Why culling contractors isn’t a risk-free solution to IR35

Written by FCSA Business Partner, Larsen Howie

 

The IR35 reform has coloured contractor news since the public sector rollout in April 2017. It’s generally accepted (by everyone bar HMRC) that this reform did not go particularly well, and you’d be forgiven for thinking that the private sector reform is going the same way before it’s even officially begun.

While 6th April 2020 is still a whole 6 months away, many large corporates in the financial and pharma sectors are pre-empting the changes in legislation and liability by taking ‘risk-averse’ measures. It began with HSBC announcing a cull in limited company contractors, which was quickly followed by Morgan Stanley, and M&G Investments. More recently, Barclays and Lloyds have taken the softer but still contractor-averse stance of pushing all limited company contractors to PAYE. GSK and other pharma agencies are also rumoured to be going to the same way before January.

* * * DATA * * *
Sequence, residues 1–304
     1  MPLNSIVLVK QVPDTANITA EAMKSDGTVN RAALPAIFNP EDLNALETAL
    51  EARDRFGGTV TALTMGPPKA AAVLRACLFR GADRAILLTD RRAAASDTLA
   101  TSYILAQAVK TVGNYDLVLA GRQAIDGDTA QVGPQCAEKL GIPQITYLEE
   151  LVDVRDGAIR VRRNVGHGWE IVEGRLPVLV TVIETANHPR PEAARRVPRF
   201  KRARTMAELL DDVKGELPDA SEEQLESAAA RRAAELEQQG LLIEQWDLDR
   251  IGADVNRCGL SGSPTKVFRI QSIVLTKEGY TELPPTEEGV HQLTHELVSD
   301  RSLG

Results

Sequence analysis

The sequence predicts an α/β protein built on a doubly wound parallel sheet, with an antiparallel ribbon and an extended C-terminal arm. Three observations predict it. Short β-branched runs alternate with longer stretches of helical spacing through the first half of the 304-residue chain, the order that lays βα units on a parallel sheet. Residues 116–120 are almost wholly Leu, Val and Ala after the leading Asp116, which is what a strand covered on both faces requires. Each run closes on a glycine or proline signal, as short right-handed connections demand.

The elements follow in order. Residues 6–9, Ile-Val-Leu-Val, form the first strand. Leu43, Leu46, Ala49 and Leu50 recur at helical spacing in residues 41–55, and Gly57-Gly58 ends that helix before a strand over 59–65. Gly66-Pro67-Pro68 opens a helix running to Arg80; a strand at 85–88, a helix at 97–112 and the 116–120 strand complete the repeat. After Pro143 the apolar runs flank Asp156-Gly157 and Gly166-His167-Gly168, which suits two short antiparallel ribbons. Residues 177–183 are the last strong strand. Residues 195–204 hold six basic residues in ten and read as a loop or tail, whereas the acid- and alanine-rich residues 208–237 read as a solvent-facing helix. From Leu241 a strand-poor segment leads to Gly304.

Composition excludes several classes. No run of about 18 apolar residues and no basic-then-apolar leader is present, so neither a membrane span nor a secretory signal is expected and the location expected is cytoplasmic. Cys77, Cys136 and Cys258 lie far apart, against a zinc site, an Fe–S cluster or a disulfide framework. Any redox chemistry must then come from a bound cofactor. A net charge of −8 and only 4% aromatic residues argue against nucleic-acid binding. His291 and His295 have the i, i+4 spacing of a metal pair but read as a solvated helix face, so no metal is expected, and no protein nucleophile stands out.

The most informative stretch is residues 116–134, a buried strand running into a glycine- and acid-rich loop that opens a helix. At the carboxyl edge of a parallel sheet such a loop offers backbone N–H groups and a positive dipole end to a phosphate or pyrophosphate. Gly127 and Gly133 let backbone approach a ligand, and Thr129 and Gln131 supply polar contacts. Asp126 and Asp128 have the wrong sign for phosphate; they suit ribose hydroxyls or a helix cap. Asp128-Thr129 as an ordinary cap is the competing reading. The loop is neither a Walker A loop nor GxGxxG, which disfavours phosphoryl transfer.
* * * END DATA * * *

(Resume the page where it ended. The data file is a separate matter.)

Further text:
When looked at from a distance, it appears that a pattern has been set by these private sector giants. RBS has been the only exception thus far that has publicly pledged to take ‘reasonable care’ to keep their contractors – however, it’s the minority in this case that’s got it right.

Why have so many banks taken the risk-averse route with IR35?

It’s a question that’s been asked across the industry; with every new company that joins the ranks of risk-avoiders, the contracting community becomes a little more disheartened. Is it to do with costs? Perhaps a lack of understanding surrounding the legislation? Or is it simply short-sighted laziness on the companies’ part?

 You can read the full article here >

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